This dome-like shaped rubber that covers the cervix must be fitted by the doctor and must always be used with a spermicide. Those who tend to lose or gain weight often by more than 10 pounds are advised against this method as it will not be as effective. One would have to go back to the doctor’s office for the ring to be refitted.
  6. IUD
    The copper Intrauterine Device(IUD) is surgically implanted and can be used for a long period of time. Yes, I am talking about a good ten years or so and it is more than 99% effective. However, this method can cause pain to women who have not had children yet. It is therefore recommended for women who have already had children and are not planning on having any more any time soon.
  7. Female condoms
    Much like the diaphragm, this polyurethane condom is inserted deep into the vagina and can last up to eight hours. However it is not as effective in preventing both STDs and pregnancies
    Female Condom
  8. Male condoms
    Unlike their counterparts (female condoms), when worn properly, the male condom will prevent pregnancies and protect you from STDs. However men who are allergic to polyurethane or latex are advised to seek another method.
    Male condoms
  9. Patch
    The patch can be placed on your arm, buttocks, or abdomen. It should be replaced every week. However those prone to blood clots are advised against this method as it delivers 60% more estrogen than a low-dose pill.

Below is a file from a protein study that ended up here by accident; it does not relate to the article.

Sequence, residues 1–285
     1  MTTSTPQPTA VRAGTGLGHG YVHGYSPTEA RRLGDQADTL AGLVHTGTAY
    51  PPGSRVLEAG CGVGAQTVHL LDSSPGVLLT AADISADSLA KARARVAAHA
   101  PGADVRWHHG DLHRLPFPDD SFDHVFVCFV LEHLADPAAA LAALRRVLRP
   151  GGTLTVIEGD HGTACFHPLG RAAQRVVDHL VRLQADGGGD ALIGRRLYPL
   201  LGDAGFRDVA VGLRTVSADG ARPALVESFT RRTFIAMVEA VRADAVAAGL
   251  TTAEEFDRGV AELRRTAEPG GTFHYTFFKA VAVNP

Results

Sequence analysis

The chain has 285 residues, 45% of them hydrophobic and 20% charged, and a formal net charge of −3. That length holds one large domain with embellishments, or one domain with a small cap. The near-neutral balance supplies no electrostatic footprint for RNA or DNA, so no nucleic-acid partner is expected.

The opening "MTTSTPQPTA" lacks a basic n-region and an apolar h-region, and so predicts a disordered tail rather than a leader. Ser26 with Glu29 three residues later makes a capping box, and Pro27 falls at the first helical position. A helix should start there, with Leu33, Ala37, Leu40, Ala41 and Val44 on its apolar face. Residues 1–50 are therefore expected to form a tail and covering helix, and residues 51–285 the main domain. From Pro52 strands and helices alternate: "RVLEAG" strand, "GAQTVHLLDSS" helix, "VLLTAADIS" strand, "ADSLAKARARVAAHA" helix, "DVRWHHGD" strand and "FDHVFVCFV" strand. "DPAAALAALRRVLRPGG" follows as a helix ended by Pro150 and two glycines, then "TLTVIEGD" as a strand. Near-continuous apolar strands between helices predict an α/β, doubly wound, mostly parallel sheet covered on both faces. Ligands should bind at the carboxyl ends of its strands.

10. Implant
    The implant is about the size of a matchstick and is placed under the skin on your upper arm. It can last up to three years and is nearly 100% effective however, it might not be as efficient for women who are over weight.
  11. Sterilization
    This method is a surgical procedure that blocks the Fallopian tubes from carrying eggs to the uterus in women. For men, this procedure involves cutting the tubes that carry sperm from the testicles. This method is less risky for men however, it is advised against if one wishes to have children in the future as it is irreversible.
  12. Emergency Contraception Pills
    Last but not least, note that this is not a birth control method. Like the name suggests the pill is not meant to be used regularly as it may mess up your menstrual cycle or have other dangerous side effects when abused. However, this is the most commonly used method. It is a morning after pill that works best if taken within the first 72 hours of unprotected sex.
    Emergency Pills
  13. Abortion